Surrey’s ‘City of Stories’ nominated for BC Book Prize

K. Jane Watt’s work shortlisted for award, along with novel by Cloverdale writer Andrea MacPherson

SURREY — A “City of Stories” book published by the City of Surrey is in the running for a BC Book Prize, along with a work of fiction written by a Cloverdale-based author.

The city’s history book, written by K. Jane Watt and released last year, made the awards shortlist, announced Monday by West Coast Book Prize Society.

“Surrey: A City of Stories,” created as a “Surrey legacy project” in honour of last year’s “Canada 150” celebrations, features more than 500 visuals, including 332 photos, 40 maps, 73 artifacts and 61 documents.

Watt, an award-winning writer and researcher who lives in Fort Langley, received the Lieutenant Governor’s Medal for Historical Writing for her book “High Water: Living with the Fraser Floods.”

• READ MORE: ‘Surrey: A City of Stories’ highlights a history that is sobering, inspiring, from Sept. 2017.

“Surrey: A City of Stories” is shortlisted for a BC Book Prize in the category of Roderick Haig-Brown Regional Prize, which recognizes “the author(s) of the book that contributes most to the enjoyment and understanding of British Columbia.”

Other nominees in the category are Sarah de Leeuw (“Where It Hurts,” NeWest Press), Kotaro Hayashi, Fumio “Frank” Kanno, Henry Tanaka, and Jim Tanaka (“Changing Tides: Vanishing Voices of Nikkei Fishermen and Their Families,” Nikkei National Museum & Cultural Centre), Marianne Ignace and Ronald E. Ignace (“Secwépemc People, Land, and Laws: Yerí7 re Stsq’ey’s-kucw,” McGill-Queen’s University Press) and Travis Lupick (“Fighting for Space: How a Group of Drug Users Transformed One City’s Struggle with Addiction,” Arsenal Pulp Press).

Another BC Book Prizes finalist is Cloverdale-based author Andrea MacPherson, whose “What We Once Believed” (Caitlin Press) is nominated for the Ethel Wilson Fiction Prize, awarded to the author of the best work of fiction.

MacPherson, who teaches creative writing and literature, is the author of two novels and three poetry collections.

Here’s how “What We Once Believed” is described on the BC Book Prizes website: “Maybe Collins’ life is upended by the appearance of her mother Camille, who disappeared nine years earlier. Now an acclaimed author of a memoir about motherhood and Women’s Liberation, Camille is distant and confounding, and Maybe tries to piece together her mother’s life – why she left, the truth behind her famous memoir, and the future of their fractured relationship. When Maybe discovers that her mother is writing another book—a book about her return—the betrayal is fierce and painful, and Maybe resolves to teach Camille a lesson that will change things forever.”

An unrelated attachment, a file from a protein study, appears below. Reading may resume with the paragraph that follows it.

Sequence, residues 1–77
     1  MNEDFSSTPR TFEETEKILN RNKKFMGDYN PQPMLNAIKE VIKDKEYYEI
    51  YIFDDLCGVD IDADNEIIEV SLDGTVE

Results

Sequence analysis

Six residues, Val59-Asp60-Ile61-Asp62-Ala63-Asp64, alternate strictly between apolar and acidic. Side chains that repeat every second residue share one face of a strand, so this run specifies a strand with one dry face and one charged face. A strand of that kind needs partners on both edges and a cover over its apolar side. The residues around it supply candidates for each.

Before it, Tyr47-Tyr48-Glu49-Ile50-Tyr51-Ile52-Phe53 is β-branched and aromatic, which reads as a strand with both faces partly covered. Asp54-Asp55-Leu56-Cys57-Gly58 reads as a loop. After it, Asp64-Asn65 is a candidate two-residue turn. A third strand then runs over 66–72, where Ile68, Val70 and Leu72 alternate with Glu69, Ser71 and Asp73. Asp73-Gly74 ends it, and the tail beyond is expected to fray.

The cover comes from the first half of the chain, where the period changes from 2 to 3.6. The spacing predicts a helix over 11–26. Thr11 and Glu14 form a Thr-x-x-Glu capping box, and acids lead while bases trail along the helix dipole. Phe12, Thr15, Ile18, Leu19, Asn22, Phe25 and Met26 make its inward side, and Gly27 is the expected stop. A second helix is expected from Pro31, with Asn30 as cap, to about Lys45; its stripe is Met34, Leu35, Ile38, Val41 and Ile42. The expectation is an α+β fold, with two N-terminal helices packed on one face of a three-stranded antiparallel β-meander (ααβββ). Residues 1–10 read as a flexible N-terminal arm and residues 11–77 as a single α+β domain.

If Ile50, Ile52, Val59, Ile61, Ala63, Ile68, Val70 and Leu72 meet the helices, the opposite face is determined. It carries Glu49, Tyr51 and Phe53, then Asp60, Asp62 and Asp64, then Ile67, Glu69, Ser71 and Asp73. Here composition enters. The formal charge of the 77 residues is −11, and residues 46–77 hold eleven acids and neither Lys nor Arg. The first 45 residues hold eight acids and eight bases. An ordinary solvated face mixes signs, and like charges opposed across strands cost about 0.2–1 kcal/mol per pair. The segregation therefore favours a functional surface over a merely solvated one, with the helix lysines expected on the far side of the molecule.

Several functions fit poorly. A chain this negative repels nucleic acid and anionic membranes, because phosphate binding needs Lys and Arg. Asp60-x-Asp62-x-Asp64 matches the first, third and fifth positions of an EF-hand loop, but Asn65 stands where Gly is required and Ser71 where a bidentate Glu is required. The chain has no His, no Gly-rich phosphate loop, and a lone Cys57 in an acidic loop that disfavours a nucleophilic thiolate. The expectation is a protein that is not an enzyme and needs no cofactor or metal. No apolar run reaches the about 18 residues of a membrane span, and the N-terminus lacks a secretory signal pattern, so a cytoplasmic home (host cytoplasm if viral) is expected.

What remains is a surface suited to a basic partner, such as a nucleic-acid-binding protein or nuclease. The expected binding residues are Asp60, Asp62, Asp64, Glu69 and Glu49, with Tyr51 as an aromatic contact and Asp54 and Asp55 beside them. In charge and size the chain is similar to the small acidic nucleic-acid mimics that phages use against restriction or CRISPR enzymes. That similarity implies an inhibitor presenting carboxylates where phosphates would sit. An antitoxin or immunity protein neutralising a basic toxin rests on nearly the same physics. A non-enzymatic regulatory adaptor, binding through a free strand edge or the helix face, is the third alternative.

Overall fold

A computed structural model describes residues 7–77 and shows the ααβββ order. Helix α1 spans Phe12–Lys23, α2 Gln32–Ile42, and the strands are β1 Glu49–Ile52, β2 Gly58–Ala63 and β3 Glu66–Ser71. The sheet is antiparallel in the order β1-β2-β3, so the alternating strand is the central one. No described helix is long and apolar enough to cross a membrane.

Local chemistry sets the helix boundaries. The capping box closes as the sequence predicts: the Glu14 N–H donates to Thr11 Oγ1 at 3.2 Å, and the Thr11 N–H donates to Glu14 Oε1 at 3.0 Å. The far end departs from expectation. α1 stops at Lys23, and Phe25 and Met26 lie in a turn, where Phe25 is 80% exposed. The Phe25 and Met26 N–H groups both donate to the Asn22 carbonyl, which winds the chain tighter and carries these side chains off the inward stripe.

The 34th annual BC Book Prizes includes seven awards categories. The winners will be announced at the Lieutenant Governor’s BC Book Prizes Gala on May 4 at the Pinnacle Hotel Harbourfront in Vancouver.

Some of the shortlisted authors will be part of BC Book Prizes On Tour, a “reading tour” that will take finalists to schools and public venues in communities across B.C. in April and May.



tom.zillich@surreynowleader.com

Like us on Facebook Follow us on Instagram and follow Tom on Twitter

 

K. Jane Watt.

Andrea MacPherson.

Just Posted

Delta to craft whistle-blower policy

The policy is meant to increase public trust and create support for staff in questionable situations

North Delta crime beat: Week of Sept. 9

A selection of property crimes submitted weekly by the Delta Police Department

McCallum says Surrey LRT communication plan close to election is ‘perceived interference’

McCallum ‘gravely concerned’ Surrey and TransLink will violate election financing rules, but city says all rules will be followed

Proudly Surrey modifies child-care policy

Slate wants to use school board property for child-care spaces

Surrey school board wants to expand French Immersion program

District had to close program at Cougar Creek Elementary due to low enrolment

VIDEO: North Delta Studio Stomp back for sixth year

The annual art event has local artists opening their studios to the public this weekend

Ottawa to name new ambassador for women, peace and security, Freeland says

Chrystia Freeland also confirmed Canada would spend about $25 million to fund number of initiatives

‘A little bright spot:’ Ottawa residents rescue dog trapped beneath rubble

Freelance journalist says rescue of a dog trapped under rubble was happy ending amid chaos in Ottawa

B.C. deaf community wants different sign languages on federal accessibility act

Advocates also want Indigenous Sign Language to be recognized on the Indigenous Language Act

Remainder of Vancouver Whitecaps season filled with ‘must-win’ games: coach

With Vancouver currently sitting four points out of a post-season spot, each contest is crucial

VIDEO: B.C.-born firefighter remembered by MP in emotional speech

Family asks first responders to look after one another in wake of suicide, growing concerns of PTSD

Airline has ‘close call’ with drone while en route to B.C. airport

Jazz Aviation reported the drone sighting near Vancouver to the RCMP and Transport Canada

Tragic accident claims life of B.C. toddler

Fundraising effort has been created to help mom and family

B.C. nanny charged with sex abuse of 3 children

Saanich Police seek potential victims of Johnathon Lee Robichaud from Central Saanich

Most Read